Vulnerability - the way of and to Jesus

Al Cariño
Sept 21, 2003
25th Sunday in Ordinary Times
Reproduced with Permission

In Mk. 9:30-37, we see Jesus bringing the child to center stage when He instructed His disciples thus, "Anyone who welcomes one of these little children in my name, welcomes me; and anyone who welcomes me welcomes not me but the one who sent me." Here, Jesus does not ask His disciples to become like little children as He did on another occasion; He asks them to welcome them. Why? Where the disciples having a problem about welcoming littleness?

To answer this question, it will do us good to look at the context in which the admonition was given. For this we have to go back all the way to the Transfiguration when Jesus gave his three apostles a glimpse of His future glory. Then as they were going down the mountain, Jesus charged them not to tell what they had seen to anyone, "except when the Son of Man had risen from the dead" (Mk. 9:9).

In last Sunday's gospel, we saw Jesus rebuke Peter not for confessing that He was the messiah but for his understanding of the messiah as a conqueror who would triumph over Israel's oppressors and would never know suffering or defeat himself. After the rebuke, Jesus said, "The Son of Man is to be handed over to men and they will kill him, and three days after his death he will rise"--the second prediction of His passion and death. He did again as they were entering Jerusalem (Mk. 10:32-34). Why? Because Jesus was anxious that His disciples fully understood what lied ahead of them as He faced His "final hour" in Jerusalem.

Mark then tells us of the reaction of the disciples to all this: though they did not understand what Jesus did, they were afraid to question Him. Why? Perhaps they were afraid to be called "Satan" as Jesus did in rebuking Peter. Or perhaps they were afraid that their worst fears would be confirmed, namely, that Jesus really meant what He said - a prospect the just could not face. If that happened, then goodbye to their expectation of a victorious, non-suffering messiah. The disciples then allowed Jesus to walk ahead of them after which they heatedly discussed among themselves as to who among them would be the greatest in the Kingdom. Really, a ridiculous thing to do under the circumstances. For had not Jesus just told them of His Passion and death which awaited Him in Jerusalem?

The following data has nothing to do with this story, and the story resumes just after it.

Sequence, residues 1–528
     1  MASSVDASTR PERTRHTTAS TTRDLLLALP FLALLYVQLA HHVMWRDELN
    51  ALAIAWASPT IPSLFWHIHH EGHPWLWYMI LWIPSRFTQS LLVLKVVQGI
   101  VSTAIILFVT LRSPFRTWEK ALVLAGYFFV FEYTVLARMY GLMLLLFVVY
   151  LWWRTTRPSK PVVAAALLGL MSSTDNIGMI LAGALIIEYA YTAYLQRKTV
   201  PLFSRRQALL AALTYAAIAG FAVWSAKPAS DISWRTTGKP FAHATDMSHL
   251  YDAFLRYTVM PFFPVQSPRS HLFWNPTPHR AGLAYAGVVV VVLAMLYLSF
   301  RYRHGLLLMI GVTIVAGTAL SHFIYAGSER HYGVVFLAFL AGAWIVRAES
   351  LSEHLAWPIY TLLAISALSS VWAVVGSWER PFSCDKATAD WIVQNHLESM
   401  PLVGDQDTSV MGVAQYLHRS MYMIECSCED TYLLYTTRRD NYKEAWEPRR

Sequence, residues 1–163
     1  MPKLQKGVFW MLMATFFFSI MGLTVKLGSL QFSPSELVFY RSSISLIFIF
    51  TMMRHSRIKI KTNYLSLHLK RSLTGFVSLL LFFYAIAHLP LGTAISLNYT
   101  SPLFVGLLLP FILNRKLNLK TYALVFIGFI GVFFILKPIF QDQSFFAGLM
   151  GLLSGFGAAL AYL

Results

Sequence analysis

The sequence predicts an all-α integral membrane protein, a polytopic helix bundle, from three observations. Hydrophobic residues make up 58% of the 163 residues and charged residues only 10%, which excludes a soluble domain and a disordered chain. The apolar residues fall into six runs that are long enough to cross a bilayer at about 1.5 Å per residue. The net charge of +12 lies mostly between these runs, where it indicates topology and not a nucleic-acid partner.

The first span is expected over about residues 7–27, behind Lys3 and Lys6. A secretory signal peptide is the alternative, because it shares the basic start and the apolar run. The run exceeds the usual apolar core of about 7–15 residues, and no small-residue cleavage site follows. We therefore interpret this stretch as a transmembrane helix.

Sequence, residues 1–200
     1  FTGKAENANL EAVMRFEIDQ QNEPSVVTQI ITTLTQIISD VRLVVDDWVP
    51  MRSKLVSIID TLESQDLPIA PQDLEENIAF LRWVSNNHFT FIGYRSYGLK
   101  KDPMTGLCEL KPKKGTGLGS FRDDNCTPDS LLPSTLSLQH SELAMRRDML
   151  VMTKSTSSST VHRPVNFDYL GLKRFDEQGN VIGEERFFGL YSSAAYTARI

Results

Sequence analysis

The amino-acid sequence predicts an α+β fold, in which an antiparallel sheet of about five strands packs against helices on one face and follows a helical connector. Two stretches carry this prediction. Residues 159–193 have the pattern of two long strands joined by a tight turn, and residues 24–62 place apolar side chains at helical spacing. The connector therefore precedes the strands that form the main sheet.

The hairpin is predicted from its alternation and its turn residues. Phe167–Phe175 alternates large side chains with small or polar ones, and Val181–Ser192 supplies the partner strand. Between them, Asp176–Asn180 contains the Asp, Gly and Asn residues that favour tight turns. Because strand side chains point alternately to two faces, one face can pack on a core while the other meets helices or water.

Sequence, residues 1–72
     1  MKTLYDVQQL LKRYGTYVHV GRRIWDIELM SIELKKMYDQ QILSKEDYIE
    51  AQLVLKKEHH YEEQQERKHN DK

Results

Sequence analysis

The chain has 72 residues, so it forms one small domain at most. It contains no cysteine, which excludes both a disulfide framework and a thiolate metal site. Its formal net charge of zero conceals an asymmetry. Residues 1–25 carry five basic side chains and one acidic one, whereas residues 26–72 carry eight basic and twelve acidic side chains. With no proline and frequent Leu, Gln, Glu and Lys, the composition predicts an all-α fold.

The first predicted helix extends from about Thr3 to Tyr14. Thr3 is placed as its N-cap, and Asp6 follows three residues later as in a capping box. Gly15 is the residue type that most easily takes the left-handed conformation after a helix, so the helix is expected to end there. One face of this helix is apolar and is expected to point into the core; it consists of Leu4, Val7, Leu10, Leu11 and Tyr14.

Arriving in Capernaum and refusing to tell Jesus what they were discussing on the way, Jesus took a little child, set him in front of them, put His arms around him, and challenged them to welcome the little one. In effect, Jesus was saying that when the disciples would learn to welcome such a little child, then they would also be able to welcome, not the Jesus of their expectation, but the real Jesus, the one who suffered and died precisely for the "little ones".

How could welcoming a little child lead to the welcoming of Jesus and ultimately to the welcoming of the "one who sent me"? In making Himself like that little child - the one who put his trust completely in another, e.g., his parents, and the one who could not resort to the use of power when threatened or maltreated - Jesus showed His disciples that He was going to be just that. His protection would be His Father and His trust would be in the God who would ensure that He would be protected. And as we know, when suffering and death - His "final hour" - did come, He refused to abandon His trust in the Father. He was thus truly vulnerable, as a little child is. Thus unless His disciples could welcome the vulnerability personified in a child which Jesus had made Himself to be as "Son of Man," they would never understand the way of Jesus.

The permanent challenge of Jesus to His followers - then and now - is not only to put their trust in the Father as Jesus did but also to welcome the powerless, to take to heart the weak members of the community. Jesus could issue this challenge because He had already placed Himself in their company: their vulnerability was something that Jesus not only valued but also shared. Jesus wants us not only to do the same but also to offer special hospitality to those from whom we can benefit the least--the little ones.

In drawing His own disciples away from power to vulnerability as the model of discipleship, Jesus invites them to a new openness to the Father. No earthly power could save Jesus from death in Jerusalem: only His Father could save Him from being left for dead. That was the way of the Father with Jesus. That is what Jesus wants us to emulate. If we welcome our vulnerability, then we will be able to welcome the vulnerable Son of Man and in the process welcome the little ones with whom He had identified Himself.

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